"It makes it so that she has a primary, but I do not think [Baldacci's] entrance changes the race in any meaningful way," University of Maine political science professor Mark Brewer said.
But even if Baldacci doesn't emerge as a formidable opponent, a primary would force Democrats backing Cain to spend resources they'd prefer to spend against Poliquin, whom the National Republican Congressional Committee made an initial member of its Patriot Program for vulnerable members.
It's not immediately clear where Baldacci, a Bangor city councilor and attorney, and Cain would differ on policy.
“She and I probably agree on all the social issues," Baldacci told CQ Roll Call in May, when he was considering a run, "but on the economic issues, I don’t think she’s been there for middle-class families.” At the time, he said he disagreed with Cain's vote for a state budget that he said extended tax cuts for the wealthy.
While Baldacci hasn't made an announcement speech and didn't immediately return calls for comment, he debuted his "Baldacci for Congress" website last week, providing a window into the kind of primary campaign he'll try to run.
With the slogan "Maine Born. Maine Bred. Maine First," Baldacci takes a thinly veiled shot at Cain, who moved to the state to attend college.
Democratic state Sen. Troy Jackson, who lost to Cain by more than 40 points in the 2014 primary, had been mulling a repeat bid this year but told CQ Roll Call on July 30, "that ship has sailed." He's leaning toward backing Baldacci over Cain, but Jackson, a Maine native, doesn't think attacking Cain for being "from away" is going to be helpful.
It's an attack Poliquin has used against Cain, too. "She’s from New Jersey and Kentucky,” Poliquin told CQ Roll Call in May . “I’m from Maine. That makes a difference to the people of the 2nd District.”
Poliquin, who worked in pension investment management before serving as Maine's treasurer, sits on the House Financial Services Committee. He, too, was born and raised in Maine, but worked elsewhere before returning to the state more than two decades ago.
In a prominently placed statement on his website, Baldacci tries to carve out unique ground for his candidacy by hitting both Cain and Poliquin. "I am the only candidate who was born and lived his whole life in Maine. I am not a Wall Street Republican or a Washington Democrat," he says.
Just days after Cain's November loss, national Democrats were recruiting her to run again , and she's since been back to Washington for a fundraiser with House Minority Leader Nancy Pelosi and Democratic Congressional Campaign Committee Chairman Ben Ray Luján. EMILY's List, which backed her first congressional bid, is helping her again this cycle.
Baldacci doesn't have those connections. What he does have is his last name. Before serving as governor, his brother held the same 2nd District seat. "His name will resonate with primary voters," a Democratic source in the state said. But having run district-wide before, Cain will enjoy higher name recognition, Brewer said.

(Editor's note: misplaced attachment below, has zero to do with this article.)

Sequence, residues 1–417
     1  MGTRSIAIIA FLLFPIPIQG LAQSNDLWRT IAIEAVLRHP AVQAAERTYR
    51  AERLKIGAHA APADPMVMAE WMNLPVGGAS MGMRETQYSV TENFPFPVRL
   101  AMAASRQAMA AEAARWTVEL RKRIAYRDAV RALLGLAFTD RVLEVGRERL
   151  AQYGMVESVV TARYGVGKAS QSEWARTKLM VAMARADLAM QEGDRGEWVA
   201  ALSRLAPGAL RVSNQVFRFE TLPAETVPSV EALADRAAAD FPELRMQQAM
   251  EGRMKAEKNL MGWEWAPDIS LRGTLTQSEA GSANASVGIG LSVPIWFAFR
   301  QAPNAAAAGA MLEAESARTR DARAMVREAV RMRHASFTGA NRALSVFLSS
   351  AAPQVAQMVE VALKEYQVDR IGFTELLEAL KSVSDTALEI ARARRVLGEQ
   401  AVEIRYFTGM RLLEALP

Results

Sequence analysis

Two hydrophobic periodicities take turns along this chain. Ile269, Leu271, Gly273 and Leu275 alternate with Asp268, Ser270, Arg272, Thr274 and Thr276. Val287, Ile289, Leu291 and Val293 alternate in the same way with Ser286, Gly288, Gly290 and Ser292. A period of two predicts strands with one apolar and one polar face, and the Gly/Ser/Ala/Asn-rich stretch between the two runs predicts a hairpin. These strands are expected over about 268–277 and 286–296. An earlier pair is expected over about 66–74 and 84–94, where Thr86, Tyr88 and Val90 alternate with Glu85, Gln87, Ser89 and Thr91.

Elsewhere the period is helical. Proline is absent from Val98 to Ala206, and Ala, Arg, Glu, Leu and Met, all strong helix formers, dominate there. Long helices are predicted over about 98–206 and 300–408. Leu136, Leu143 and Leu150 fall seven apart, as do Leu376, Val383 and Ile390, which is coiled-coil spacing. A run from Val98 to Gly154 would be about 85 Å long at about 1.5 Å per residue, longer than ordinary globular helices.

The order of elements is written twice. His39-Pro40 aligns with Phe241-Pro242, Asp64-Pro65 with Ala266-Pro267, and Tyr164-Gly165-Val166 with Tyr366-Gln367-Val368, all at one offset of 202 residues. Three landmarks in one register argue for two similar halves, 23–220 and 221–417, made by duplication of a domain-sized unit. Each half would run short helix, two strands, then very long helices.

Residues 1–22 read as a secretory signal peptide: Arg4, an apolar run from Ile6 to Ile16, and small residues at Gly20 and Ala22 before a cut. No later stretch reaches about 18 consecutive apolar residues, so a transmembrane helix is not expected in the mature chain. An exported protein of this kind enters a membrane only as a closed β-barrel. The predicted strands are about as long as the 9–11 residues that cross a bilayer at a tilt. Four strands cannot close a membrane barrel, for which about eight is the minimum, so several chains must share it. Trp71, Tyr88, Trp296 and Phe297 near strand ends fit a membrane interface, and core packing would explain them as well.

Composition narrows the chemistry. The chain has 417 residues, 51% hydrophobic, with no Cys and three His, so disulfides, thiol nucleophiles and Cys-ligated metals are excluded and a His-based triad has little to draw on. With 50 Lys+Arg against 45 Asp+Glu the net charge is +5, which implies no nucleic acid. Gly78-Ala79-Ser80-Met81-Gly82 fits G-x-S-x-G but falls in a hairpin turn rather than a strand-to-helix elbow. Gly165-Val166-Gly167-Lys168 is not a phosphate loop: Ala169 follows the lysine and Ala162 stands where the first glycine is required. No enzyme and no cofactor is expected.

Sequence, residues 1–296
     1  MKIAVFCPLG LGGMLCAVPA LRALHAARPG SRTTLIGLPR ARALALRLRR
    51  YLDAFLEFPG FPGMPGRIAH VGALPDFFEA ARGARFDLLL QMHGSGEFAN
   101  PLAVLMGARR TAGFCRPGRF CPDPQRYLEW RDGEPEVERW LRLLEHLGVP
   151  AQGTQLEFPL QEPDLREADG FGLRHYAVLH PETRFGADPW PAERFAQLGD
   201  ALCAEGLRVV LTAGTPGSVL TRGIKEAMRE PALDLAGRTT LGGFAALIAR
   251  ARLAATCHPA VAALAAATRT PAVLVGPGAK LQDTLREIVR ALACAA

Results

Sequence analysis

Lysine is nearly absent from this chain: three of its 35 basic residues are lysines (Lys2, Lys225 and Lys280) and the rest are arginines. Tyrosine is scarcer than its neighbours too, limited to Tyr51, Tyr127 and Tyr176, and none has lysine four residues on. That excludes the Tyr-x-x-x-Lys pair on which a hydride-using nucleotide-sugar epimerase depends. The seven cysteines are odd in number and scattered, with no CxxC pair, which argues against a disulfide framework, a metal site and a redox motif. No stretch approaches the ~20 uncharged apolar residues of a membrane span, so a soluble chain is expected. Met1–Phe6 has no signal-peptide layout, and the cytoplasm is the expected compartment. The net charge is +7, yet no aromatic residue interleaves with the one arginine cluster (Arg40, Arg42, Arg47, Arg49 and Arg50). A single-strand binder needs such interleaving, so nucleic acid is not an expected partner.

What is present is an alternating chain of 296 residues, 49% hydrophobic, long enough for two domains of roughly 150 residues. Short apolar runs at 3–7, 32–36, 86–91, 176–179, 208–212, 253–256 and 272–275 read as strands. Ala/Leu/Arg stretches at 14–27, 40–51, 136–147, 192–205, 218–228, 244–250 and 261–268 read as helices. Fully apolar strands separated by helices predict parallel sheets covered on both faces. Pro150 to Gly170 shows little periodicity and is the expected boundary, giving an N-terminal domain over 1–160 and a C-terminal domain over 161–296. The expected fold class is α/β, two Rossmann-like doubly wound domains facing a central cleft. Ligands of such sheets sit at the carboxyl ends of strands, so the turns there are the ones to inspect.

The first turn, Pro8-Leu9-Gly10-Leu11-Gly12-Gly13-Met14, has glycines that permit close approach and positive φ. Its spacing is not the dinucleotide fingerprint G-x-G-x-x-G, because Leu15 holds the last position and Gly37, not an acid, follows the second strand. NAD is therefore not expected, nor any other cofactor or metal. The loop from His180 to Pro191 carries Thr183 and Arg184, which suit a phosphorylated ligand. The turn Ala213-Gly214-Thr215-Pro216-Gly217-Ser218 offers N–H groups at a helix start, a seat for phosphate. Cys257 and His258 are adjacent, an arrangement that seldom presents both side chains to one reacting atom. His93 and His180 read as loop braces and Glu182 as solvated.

And although John Baldacci was a popular representative, Brewer added, there are "not a whole bunch of people looking back fondly on his two terms as governor."
Multiple Democratic sources expressed concern that aside from Baldacci being an unpolished candidate, some of the clients he defended while he was an attorney, including a man charged with trading child pornography and a woman who murdered her husband , could provide Republicans with easy attacks, should he be the nominee.
Relative to Poliquin, who impressed early , Cain is struggling to raise money. She's raising more than she was at this time during the 2014 cycle, but she brought in only $167,000 during the 2nd quarter, compared to Poliquin's $379,000, and has $238,000 in cash on hand compared to Poliquin's $947,000.
One Democratic source in the Pine Tree State suggested a primary could actually help Cain, by shifting national attention away form the "enormous" discrepancy between her and Poliquin's fundraising.
Meanwhile, Democrats in the state would like to see her do more than fundraise. "One of the criticisms folks have levied against her is she needs to be more active," the same Democratic source said. "Her whole campaign can’t just be sitting in a room making phone calls."
In a statement emailed to CQ Roll Call on July 30, Cain campaign spokesman Sarah Russell said, "Emily welcomes Joe Baldacci to the race." Touting Cain's local endorsements, Russell continued, "Emily remains focused on defeating Congressman Poliquin and fighting for greater opportunities for Mainers across the Second Congressional District."
Poliquin's campaign did not directly acknowledge the entrance of Baldacci into the race, choosing instead to lump him together with Cain. “His opponents are re-arranging the deck chairs in an attempt to run another false, negative campaign, fueled with extreme liberal special interest money, a negative strategy that failed just last year," Poliquin campaign consultant Brent Littlefield said in a statement on July 30.
Baldacci had considered running last cycle, but never got in the race. Earlier this year, he commissioned an automated Public Policy Polling poll, releasing topline results to the Bangor Daily News that showed him in a "statistical dead heat" with Poliquin.
The working-class 2nd District, long represented by Democratic former Rep. Michael H. Michaud, who retired to run for governor, is more conservative than the state's 1st District, but President Barack Obama still carried it twice.
Poliquin's team likes to point out that no sitting member of Congress has lost re-election to the district since 1916.
But during a presidential year, and without the gubernatorial race or a bear-baiting referendum on the ballot, which drew more conservative voters to the polls last fall, 2016 is not going to be the same race as 2014, Brewer said.